But that's only if they recognise immediately that they're suffering from these symptoms and call you immediately, because, otherwise, they haven't got a hope.
I think to say they haven't got a hope is a bit—
Well, of meeting the five-hour window. And also, I would just say that I hear clinicians all the time saying about saving life, but we've got not just to save life, but save life well so that you don't end up with all of the, particularly with stroke, awful consequences, that, if you aren't treated quickly enough, you can end up with. Because it is about giving people the best quality of life as well, because there are lots of different ways measuring that.
And that's why taking all of our stroke patients to hospitals where, 24/7, they can have a head CT is the most important thing we can do, because, if we take you to a hospital where you cannot have a head CT, you won't get diagnosed and then you will have a long delay in treatment. So, our 24/7 arrangements for stroke are that we take patients to hospitals within each health board area, where, even at four in the morning, the patient can have a CT in the A&E department, and that's really important.
So, are you telling us, Richard, that anybody with a stroke who gets taken to one of these hospitals in Wales gets their CT scan and their treatment within that treatment window?
So, what I'm saying is that there are 24/7 arrangements with the health boards—
—the patients—? Are you telling us that they never get there and there's no chance of them having a CT? I want to know if they're getting there and getting their CT scan and either the thrombolytic drugs or the other thing to sort out the bleed.
So, I can tell you that for—. What happens to the patient once they arrive in hospital, I can't tell you, but what I can tell you is that we take stroke patients only to the units that accept stroke patients, which are those with the 24/7 services and the ambulance quality indicators that are published quarterly tell us that our stroke care is in the 90 percentile for the appropriate treatment being provided consistently.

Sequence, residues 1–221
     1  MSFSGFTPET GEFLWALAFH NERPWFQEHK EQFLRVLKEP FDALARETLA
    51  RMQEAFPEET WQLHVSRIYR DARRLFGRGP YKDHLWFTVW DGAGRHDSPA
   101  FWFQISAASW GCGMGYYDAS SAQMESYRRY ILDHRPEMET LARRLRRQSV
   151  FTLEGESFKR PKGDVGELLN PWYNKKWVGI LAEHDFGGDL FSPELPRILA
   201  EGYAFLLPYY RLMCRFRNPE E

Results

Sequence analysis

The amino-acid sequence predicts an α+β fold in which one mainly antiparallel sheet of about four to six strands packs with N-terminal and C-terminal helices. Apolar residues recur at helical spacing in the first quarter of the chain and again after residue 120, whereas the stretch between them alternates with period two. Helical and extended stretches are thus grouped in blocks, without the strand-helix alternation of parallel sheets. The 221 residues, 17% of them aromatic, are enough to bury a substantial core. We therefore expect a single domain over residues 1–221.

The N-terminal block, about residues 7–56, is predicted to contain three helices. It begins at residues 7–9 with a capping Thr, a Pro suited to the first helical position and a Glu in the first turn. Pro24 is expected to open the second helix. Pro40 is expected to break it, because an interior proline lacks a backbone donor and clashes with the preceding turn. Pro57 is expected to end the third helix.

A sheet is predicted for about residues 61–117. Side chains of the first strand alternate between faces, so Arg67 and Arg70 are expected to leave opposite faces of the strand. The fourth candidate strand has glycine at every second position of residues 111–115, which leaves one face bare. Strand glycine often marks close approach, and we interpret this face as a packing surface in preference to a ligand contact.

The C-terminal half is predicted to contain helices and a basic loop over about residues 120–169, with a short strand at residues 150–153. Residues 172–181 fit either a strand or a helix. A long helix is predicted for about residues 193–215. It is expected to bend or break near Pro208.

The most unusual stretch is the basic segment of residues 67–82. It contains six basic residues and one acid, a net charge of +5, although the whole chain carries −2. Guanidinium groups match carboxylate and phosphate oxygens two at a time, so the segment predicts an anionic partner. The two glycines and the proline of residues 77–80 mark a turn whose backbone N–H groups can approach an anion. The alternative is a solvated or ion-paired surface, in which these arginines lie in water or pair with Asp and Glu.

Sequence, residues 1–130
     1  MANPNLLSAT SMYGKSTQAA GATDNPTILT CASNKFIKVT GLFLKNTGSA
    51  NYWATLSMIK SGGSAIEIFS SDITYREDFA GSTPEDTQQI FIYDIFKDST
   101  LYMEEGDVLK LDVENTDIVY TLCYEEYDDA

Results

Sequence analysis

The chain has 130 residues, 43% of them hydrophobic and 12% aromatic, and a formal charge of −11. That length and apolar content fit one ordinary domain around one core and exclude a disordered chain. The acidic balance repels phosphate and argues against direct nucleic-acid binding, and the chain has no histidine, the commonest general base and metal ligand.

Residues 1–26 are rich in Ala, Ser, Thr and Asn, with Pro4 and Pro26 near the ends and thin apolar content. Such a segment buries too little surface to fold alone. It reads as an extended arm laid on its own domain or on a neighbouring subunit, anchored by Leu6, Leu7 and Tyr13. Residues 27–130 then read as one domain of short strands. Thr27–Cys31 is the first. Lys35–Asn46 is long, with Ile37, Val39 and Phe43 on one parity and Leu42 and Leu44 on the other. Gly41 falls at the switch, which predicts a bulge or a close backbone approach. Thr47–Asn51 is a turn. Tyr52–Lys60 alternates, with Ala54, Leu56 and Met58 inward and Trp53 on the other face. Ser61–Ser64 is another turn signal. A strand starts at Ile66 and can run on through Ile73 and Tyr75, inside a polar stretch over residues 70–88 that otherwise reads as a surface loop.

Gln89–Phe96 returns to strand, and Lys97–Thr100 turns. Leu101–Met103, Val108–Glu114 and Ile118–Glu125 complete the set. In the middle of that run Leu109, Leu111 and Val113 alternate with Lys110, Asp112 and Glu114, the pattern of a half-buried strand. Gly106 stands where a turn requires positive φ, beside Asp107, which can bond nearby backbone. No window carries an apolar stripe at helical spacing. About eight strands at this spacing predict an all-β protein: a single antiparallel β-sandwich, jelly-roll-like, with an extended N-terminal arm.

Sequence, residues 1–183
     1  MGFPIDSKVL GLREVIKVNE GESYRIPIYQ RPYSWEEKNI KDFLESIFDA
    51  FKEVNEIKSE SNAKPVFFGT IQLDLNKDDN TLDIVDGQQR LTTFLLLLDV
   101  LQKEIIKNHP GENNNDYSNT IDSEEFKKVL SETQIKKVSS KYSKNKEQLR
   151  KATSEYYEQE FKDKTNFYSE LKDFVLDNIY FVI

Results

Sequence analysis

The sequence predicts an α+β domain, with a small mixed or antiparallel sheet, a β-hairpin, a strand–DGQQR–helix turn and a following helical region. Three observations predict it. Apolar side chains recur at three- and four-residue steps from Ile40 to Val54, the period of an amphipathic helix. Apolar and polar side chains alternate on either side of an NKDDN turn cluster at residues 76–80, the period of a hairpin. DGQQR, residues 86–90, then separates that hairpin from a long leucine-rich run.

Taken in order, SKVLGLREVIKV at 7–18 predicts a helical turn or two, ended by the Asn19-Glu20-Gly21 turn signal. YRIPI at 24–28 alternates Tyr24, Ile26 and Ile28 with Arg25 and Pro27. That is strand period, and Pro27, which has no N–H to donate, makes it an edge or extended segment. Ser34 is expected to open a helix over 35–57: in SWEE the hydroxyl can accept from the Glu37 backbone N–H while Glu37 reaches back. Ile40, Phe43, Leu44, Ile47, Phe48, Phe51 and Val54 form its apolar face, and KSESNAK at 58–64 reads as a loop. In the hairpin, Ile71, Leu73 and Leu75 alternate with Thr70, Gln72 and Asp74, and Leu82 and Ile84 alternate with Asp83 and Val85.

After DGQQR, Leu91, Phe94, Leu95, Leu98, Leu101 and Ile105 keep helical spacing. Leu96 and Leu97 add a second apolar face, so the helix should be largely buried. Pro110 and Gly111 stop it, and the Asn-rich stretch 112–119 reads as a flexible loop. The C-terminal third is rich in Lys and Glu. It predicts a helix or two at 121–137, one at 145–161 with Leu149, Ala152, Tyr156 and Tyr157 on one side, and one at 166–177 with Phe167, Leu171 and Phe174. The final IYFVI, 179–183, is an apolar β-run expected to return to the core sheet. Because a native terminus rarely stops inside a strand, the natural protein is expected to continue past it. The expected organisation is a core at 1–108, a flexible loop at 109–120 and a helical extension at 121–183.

We're kind of segueing into what I wanted to talk about anyway. We talked a lot about the beginning of your contact with a patient, the speed of getting to the patient and then you have what I want to talk about, which is the end, and that's the hand-over. I think, last week, a second coroner in north Wales issued a warning over ambulance and hospital delays risking lives—did raise concerns about the delay in the ambulance getting there, but, on the issue of delays of transfer, are you and your partners in the health boards paying enough attention to that issue of patient safety in preparing for next winter?
Yes, I think we can absolutely say we are. I think the pressures across the whole system over the last winter period were very clear to see and the data is the data, the numbers are the numbers, and the coroner's hearings will come up with the kind of things that happened in north Wales last week.
There are multiple reasons why resources aren't available to us and there are multiple reasons why patients are sometimes held in a queue outside of hospital. We have to work with the health boards collaboratively. We have to maintain good relationships with health boards. There is absolutely no point at all in developing confrontational relationships with health boards. The only way we can resolve these issues as a system is working together as a system.